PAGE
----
• The new surveillance aircraft is based on the Dassault Falcon 2000LXS business jet. (Image: Dassault)
    The new surveillance aircraft is based on the Dassault Falcon 2000LXS business jet. (Image: Dassault)

South Korea has tapped domestic aviation company Korea Aerospace Industries (KAI) for systems integration and ground equipment for a new surveillance aircraft based on the Dassault Falcon 2000LXS business jet, as the Asian nation continues efforts to boot its Intelligence, Surveillance and Reconnaissance (ISR) capabilities.

The US ally’s arms acquisition agency the Defense Acquisition Program Administration (DAPA) has awarded the contract to KAI to convert four Dassault Falcon 2000LXS business jets into Baekdu ISR platforms.

KAI said in a statement released on the 1st of November that it would lead the systems integration phase of the contract along with the development of a ground system, with LIG Nex1 responsible for the development of mission equipment. South Korea’s Aju Business Daily reported that the program is worth A$1.008 billion.

The new ISR platforms will replace four older Hawker 800XP (RC-800SIG) ISR aircraft currently being operated by the Republic of Korea Air Force (RoKAF) acquired under the Peace Pioneer program in the late 1990s and are expected to enter service in 2026.

South Korea’s RC-800SIGs are fitted with an L3Harris combined communications- and electronic intelligence (COMINT and ELINT) suite that covers a range of frequency ranges up to and including the Ka-band (26.5 to 40GHz).

The new ISR aircraft will serve alongside the RoKAF’s existing ISR capability, which currently comprises of four RC-800RA Peace Krypton aircraft, two Dassault Falcon 2000S Baekdu aircraft, four Boeing E-7 Peace Eye Airborne Early Warning and Control (AEW&C) aircraft (similar to the RAAF’s Wedgetail) and four Northrop-Grumman RQ-4 Global Hawk High-Altitude Long Endurance (HALE) unmanned aircraft.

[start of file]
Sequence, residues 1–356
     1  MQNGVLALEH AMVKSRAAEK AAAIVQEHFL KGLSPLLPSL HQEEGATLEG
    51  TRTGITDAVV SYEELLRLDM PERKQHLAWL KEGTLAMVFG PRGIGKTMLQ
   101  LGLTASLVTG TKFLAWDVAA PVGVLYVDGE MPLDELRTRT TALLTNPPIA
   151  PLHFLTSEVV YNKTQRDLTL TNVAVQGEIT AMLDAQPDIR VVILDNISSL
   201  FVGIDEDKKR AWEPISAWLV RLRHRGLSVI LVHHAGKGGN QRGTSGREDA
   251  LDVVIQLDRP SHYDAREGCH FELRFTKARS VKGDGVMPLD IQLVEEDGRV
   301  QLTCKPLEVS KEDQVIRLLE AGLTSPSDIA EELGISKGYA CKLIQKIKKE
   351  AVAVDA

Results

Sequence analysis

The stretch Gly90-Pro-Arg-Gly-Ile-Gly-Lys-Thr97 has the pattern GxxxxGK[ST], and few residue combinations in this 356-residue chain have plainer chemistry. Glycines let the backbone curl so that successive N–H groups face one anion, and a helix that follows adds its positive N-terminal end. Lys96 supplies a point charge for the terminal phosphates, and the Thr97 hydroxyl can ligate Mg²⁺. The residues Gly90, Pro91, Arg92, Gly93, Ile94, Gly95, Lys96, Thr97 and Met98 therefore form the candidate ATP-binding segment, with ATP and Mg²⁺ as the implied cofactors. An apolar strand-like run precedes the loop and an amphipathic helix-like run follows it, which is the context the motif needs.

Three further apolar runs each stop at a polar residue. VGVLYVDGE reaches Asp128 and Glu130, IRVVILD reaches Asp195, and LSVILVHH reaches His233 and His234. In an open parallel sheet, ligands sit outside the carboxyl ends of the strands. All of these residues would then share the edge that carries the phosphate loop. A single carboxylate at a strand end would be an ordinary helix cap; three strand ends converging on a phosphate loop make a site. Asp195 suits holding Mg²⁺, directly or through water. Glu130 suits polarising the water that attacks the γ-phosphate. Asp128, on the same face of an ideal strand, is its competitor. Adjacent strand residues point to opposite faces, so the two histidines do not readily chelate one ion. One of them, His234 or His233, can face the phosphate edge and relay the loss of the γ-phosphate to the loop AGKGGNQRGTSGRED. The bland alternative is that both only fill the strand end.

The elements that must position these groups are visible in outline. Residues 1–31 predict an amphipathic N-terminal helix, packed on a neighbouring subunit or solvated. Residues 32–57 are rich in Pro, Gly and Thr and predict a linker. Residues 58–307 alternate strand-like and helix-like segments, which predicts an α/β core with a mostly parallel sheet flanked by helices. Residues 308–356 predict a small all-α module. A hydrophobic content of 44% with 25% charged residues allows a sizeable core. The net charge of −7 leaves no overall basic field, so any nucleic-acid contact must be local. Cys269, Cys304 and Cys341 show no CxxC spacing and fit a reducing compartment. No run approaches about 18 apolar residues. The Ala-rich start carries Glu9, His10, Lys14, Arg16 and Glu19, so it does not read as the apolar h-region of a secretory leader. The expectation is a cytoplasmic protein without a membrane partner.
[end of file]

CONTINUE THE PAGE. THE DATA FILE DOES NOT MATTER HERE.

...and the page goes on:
Lockheed-Martin has recently also been awarded sustainment and ground system modernisation contracts to support the RoKAF’s RC-800RA Peace Krypton aircraft, which were acquired at the same time as the RC-800SIGs. These are used for imagery reconnaissance and are also fitted with synthetic aperture radars and moving target indicators. 

The RoKAF is also seeking more AEW&C aircraft to bolster its fleet of E-7 Peace Eye jets, which it says will be used to further minimise gaps in its air defence coverage as part of a significant effort to boost South Korea’s ISR capabilities, which will be crucial for monitoring neighbouring North Korea’s ballistic missile programs and operations.

It will also reduce the US ally’s reliance on ISR support from the US military, an important consideration if South Korea was to realise its aspirations to take over operational control of its own forces in the event of a conflict.

Under current plans, South Korean forces will come under operational control of the US military during a war with the nuclear-armed north, which is technically still at war with its southern neighbour and the 28,000 US military personnel stationed south of the demilitarised zone which has separated the two Koreas since the ceasefire that ended the Korean war in 1953.

The south has been making an effort to take back operational control of its forces since the previous South Korean presidential administration, with former president Park Geun-hye agreeing on three conditions its military must meet before it is able to take over, which was originally planned for 2015 but has repeatedly been pushed back.

These include an improvement in South Korean ISR capabilities, and although it is unlikely to take back operational control of its forces before the term of current president Moon Jae-in ends in 2022 due in part to a pause in US-South Korean military exercises as a result of the COVID-19 pandemic, the continued buildup of the RoKAF’s ISR capability makes it a real possibility during the next president’s term.

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